Recommend a decent 5.1 system with no lag

My surround system is at least eight years old, and with the center channel dropping out at random, it’s probably time to replace it.

I’m not too picky; I don’t need anything high end, and I don’t care enough to get into building a system one piece at a time. Just another off the shelf setup from Best Buy or something will be good enough for me, but with all I’ve got “invested” in my Rock Band setup at this point, it’s important that there be as little audio lag as possible, and that’s not something I can test in the store.

Can anyone recommend a brand or model or anything helpful?

Can’t you just calibrate the audio lag in Rock Band itself?

I bought this last winter and I like it well enough.

It’s not ideal. If all you ever did was play guitar it’s passable, but drum fills and all singing really suffer because they can’t be compensated for audibly.

The way calibration works in Rock Band is it lags the video you see behind the set audio delay. It should work equally well for all instruments, including singing.

Granted, getting an exact calibration can be a pain, but OTOH, there’s no such thing as a “no lag” audio system (though some are much worse than others), so if you want things spot-on you have to calibrate no matter what.

I would like to know this too. I’m sure Wholly knows what lag is and that it can’t be eliminated completely, but he still wants a low latency 5.1 system. Totally reasonable.

Other way around. Lagless audio is easy; it’s video that generally introduces the lag, and you delay the audio to be in sync with the video.

Three things need to happen at the same time to keep your experience from being a total disaster: The note indicator needs to cross the bar bottom of the screen, the appropriate point in the song needs to be playing (the actual note, or strum, or drum hit, or word, or whatever), and a check to see if you’re successfully playing that note needs to be made.

All three of those factors are easily compensated for and synched with the calibration options. You figure out what the slowest part of the setup is through the user calibration, and you just delay the other two appropriately. It’s the feedback in response to your response (of hitting or missing the note) that causes problems, and how noticeable it is varies by instrument.

When playing guitar or bass, the feedback you receive for hitting a note is the flash of the little note bar, and the continuation of the song (or the miss and the silence from the audio track). If you have seriously drastic lag in the system, you’ll start to notice this, but it’s not too big a deal because the effect is just a bit of delay in the note on screen not lighting up for a miss or the interruption to the audio track coming a little bit after you actually missed your strum. It’s especially easy to overlook because it’s only noticable at all when you start missing things (I believe, but could be wrong, that the “predictive” case is that you hit the notes, and that it’s only delayed in registering misses instead of the other way around). If you never missed a note on the guitar or bass track (and I guess never used star power), you could have something truly outlandish like a five second delay to your TV and 30 minute delay to your receiver, and you wouldn’t know the difference (other than the 30 minute load time before the song!).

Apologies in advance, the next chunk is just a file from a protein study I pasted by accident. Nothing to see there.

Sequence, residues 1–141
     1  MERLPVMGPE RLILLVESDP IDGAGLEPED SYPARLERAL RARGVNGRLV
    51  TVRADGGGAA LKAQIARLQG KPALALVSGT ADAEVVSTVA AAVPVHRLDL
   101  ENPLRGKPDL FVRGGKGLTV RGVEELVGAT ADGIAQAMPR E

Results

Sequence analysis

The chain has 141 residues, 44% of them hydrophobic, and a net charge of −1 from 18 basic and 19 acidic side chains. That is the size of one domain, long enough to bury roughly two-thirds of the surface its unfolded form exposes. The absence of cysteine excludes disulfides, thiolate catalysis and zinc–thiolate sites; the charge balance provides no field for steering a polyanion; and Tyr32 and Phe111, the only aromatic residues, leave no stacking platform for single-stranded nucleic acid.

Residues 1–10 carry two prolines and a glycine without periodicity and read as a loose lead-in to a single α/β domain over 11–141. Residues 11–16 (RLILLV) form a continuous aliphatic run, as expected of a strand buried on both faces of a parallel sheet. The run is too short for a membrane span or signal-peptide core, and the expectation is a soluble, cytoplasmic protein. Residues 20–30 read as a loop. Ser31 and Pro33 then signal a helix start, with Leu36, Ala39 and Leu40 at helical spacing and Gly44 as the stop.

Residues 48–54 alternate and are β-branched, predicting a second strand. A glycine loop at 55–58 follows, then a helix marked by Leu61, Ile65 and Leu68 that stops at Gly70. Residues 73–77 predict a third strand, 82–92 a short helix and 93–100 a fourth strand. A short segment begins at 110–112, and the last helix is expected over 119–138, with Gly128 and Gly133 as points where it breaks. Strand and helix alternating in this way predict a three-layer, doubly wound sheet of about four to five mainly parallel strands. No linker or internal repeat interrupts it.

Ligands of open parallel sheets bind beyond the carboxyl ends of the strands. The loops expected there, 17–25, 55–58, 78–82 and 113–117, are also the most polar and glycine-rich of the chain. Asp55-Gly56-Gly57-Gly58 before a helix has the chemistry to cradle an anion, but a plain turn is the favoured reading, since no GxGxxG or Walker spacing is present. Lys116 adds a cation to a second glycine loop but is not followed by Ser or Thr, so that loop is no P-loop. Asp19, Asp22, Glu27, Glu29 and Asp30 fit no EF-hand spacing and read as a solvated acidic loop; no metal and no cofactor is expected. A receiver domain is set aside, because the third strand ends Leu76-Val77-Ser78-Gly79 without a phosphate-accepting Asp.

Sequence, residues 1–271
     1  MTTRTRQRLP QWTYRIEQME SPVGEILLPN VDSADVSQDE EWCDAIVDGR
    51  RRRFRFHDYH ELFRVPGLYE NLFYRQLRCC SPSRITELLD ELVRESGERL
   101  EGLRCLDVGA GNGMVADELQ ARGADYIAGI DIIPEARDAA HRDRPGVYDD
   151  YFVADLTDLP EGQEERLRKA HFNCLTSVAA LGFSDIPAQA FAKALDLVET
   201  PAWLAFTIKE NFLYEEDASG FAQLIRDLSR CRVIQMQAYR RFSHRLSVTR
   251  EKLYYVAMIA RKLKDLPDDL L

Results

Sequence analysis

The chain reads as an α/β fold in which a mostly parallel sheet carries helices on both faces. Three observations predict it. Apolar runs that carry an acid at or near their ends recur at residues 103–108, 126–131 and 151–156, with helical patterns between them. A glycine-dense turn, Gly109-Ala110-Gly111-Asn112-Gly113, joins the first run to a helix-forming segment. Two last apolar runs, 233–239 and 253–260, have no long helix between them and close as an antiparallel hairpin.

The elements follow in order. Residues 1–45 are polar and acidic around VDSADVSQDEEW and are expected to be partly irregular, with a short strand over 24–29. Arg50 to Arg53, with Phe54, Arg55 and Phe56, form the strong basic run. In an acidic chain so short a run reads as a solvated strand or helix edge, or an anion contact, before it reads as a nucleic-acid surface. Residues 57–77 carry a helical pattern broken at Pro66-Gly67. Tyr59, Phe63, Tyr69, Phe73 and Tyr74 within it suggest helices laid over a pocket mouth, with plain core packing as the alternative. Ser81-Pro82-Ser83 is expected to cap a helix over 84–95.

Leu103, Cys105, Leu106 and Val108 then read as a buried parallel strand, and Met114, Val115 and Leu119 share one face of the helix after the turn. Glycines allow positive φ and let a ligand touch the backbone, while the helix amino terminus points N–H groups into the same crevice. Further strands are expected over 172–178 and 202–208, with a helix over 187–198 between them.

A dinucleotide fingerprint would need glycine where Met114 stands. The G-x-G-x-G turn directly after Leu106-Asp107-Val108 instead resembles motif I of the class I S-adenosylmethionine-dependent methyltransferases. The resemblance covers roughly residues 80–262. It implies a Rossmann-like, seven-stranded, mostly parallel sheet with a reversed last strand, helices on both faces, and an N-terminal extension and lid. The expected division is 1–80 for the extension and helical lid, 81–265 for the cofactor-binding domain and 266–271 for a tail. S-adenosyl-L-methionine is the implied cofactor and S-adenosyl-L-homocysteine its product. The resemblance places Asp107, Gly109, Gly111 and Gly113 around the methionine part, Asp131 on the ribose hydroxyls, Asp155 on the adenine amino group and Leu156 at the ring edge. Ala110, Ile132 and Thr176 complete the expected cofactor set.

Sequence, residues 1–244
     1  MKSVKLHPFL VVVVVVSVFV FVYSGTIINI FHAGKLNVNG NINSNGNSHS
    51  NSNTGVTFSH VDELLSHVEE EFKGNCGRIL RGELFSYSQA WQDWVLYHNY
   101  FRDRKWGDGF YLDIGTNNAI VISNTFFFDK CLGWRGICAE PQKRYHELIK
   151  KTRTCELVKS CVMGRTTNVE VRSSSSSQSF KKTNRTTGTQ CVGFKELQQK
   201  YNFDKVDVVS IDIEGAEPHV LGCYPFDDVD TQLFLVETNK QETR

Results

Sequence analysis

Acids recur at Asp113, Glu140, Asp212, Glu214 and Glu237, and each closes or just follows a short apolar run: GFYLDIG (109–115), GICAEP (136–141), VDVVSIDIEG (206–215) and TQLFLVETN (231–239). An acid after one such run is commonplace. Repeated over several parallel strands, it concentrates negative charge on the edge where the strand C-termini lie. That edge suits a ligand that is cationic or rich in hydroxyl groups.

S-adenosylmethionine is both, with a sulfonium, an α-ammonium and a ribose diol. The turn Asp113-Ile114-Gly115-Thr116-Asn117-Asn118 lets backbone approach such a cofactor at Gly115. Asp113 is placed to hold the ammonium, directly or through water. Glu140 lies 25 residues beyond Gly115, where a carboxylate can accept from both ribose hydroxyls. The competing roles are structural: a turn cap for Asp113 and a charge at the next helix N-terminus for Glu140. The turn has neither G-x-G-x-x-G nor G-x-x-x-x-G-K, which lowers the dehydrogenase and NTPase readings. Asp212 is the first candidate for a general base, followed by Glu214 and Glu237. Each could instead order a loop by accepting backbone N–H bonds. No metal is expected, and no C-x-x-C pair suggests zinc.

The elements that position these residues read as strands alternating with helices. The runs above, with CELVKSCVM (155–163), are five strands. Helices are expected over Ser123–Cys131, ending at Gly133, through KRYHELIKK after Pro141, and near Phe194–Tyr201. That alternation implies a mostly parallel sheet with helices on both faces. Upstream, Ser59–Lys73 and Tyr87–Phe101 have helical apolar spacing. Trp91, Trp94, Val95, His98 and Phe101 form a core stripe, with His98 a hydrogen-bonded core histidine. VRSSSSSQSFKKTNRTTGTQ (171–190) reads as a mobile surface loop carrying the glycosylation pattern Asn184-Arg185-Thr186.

When playing the drums, it’s not any worse until you get to the drum fills. Now we have a real problem, because now it’s not just the “known” audio of the music track (which we’ve described above how we handle), it’s also the direct response to every pad you hit playing back to you, the “unknown” user input, that’s now expected as a very audible part of the song. There is no way to predict or compensate for this lag. Consider it completely outside the context of the song. In freestyle drum trainer mode, it’s still the same. If your surround system takes 50ms to process the signal from the console out to the speakers, it will never ever play your drum sound exactly when you hit the pad, it will always be that 50ms late. This gets distracting because you’re (probably) trying to play your fill to the beat of the song, but that beat is offset internally (as described above) to get our three core parts of the experience in sync, while your sudden freestyle fill cannot be compensated for at all and your snare hits are now playing back through the system quite clearly off the beat.

And now consider singing, where your voice through the entire song cannot be adjusted at all for lag, so you’re dealing with a constant echo effect of your own voice through the speakers noticeably later than the song’s vocals and hearing your own voice “live”. I’ve found this can only truly be managed by adjusting the volumes and turning you voice coming out of the speakers entirely off and just belting out into the room loud enough for everyone to hear you “live” over the game. It’s not good.

But yeah, ultimately I know there’s some latency in every system. I just want to do the best I can to get as little as possible.

The best way to minimize lag, at least on an Xbox 360 is to not use HDMI at all. Use VGA to your TV to bypass most of the video post processing and an optical cable to your receiver for audio. It still needs calibration, but it’s far better than the huge delays HDMI typically introduces.

As an example, my older receiver doesn’t have HDMI, so I use HDMI for video to the TV, and optical connections directly to my receiver for audio for my Tivo and PS3. I had to buy a digital delay box to make the lip sync not terrible. The Tivo needs a 125ms delay, and the PS3 90ms.